“Jules and I didn’t have our normal conversation we have before shows,” says Big Moon bassist Celia Archer after Nothing Without You – all the daftness and zeal of the gym-ribbon -twirling video amped up to reach even the highest tiers – and before the singalong-sparking Happy New Year; “where we decide what we’re going to say”. Staring out at the 1400-odd faces filling KOKO, she wings it: “I can’t believe how many of you there are!”.
It’s been a dizzying ride for Archer, Jules (Juliette Jackson – guitar and vocals), Soph Nathan (guitar and vocals) and drummer Fern Ford, from their first self-produced 7” in May 2015, via their debut album, released earlier this year, and a stint as Marika Hackman’s backing band, all leading to a nomination for the 2017 Mercury Music Prize. That particular plaudit might have gone elsewhere, but The Big Moon probably haven’t stopped moving for long enough to notice, and restless forward motion comes off the stage in waves.
After a suitably astronomical intro – Robbie Williams’ Millennium, the band giving in to the urge to sing along – they plough into the giddily stratospheric Silent Movie Susie, and the restless energy barely dips for the hour or so that they’re on stage. Even the slower songs – Zeds, or a brilliant, heartfelt Formidable – spill over with boisterous brio.
“This is the end of a month-long tour,” Jules says – appropriately enough between a crunching The Road and The End – and all the time they’ve spent together shows. In a tent during the afternoon at last year’s End Of The Road festival, they were a fantastic collision of enthusiasm and noisy pop, but now the layers have been peeled back a little, and Jackson’s grungy, playfully nonchalant songs – drunken parties, clumsy flings, friendship and fretful insomnia – given room.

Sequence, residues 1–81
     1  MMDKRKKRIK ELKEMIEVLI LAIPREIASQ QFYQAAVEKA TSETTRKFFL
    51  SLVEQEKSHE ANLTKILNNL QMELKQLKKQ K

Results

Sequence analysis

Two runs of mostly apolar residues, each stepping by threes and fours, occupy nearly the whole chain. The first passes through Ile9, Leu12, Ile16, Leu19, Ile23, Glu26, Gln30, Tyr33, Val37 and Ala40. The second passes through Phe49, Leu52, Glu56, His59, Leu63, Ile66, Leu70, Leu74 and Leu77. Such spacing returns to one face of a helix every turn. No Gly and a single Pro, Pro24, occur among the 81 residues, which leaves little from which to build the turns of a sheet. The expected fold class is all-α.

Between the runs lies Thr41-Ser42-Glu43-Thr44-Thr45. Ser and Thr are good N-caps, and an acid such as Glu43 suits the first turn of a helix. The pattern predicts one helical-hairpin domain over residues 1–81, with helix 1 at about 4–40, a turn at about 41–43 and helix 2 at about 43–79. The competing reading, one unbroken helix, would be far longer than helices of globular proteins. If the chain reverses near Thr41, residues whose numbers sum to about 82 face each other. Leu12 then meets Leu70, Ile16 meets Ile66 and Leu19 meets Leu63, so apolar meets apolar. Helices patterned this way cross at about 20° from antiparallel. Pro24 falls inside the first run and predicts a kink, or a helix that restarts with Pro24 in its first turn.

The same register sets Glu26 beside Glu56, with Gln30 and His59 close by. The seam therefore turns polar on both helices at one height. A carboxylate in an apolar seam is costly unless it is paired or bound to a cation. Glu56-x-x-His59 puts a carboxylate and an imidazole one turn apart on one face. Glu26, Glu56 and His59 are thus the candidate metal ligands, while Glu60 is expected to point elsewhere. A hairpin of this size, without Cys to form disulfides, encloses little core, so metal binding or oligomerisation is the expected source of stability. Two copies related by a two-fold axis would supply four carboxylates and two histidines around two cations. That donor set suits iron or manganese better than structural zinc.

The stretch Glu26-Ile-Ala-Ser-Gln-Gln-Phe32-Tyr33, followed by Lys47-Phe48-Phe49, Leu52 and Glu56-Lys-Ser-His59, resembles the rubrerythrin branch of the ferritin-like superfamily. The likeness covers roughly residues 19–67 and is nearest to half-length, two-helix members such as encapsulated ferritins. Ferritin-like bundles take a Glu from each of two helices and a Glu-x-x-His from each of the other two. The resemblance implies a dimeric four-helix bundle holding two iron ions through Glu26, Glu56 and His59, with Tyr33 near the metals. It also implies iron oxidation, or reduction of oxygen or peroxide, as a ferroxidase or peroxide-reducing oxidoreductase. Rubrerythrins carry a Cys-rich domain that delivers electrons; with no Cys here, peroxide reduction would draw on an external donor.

For all their passion and ambition, they never take themselves too seriously, that firm commitment to capital-F-Fun scrawled across the sky by a version of Total Eclipse Of The Heart, recently recorded for the Onion A.V. Club’s long-running web series Undercover. Making it entirely their own – rather like their take on Madonna’s Beautiful Stranger, sadly absent tonight – they throw in a few lyrical tweaks (“we’re cooking up a pancake and giving out forks” in place of “we’re living in a powder keg and giving off sparks”) and quotes from Pixies’ Where Is My Mind?, and it’s hard to imagine a more aptly-named band tackling such a karaoke evergreen.
But when the moon blocks out the sun, or we get an event like June’s supermoon, all that brightness and apparent enormity is illusory, not down to a change of size but to proximity. And the closeness, the bond these four have – so often talked about as more gang than band – should take them to far larger spaces than this, and further yet than Mercury. The Big Moon have still got their eyes set on the stars, and tonight they proved they can certainly ace the landing.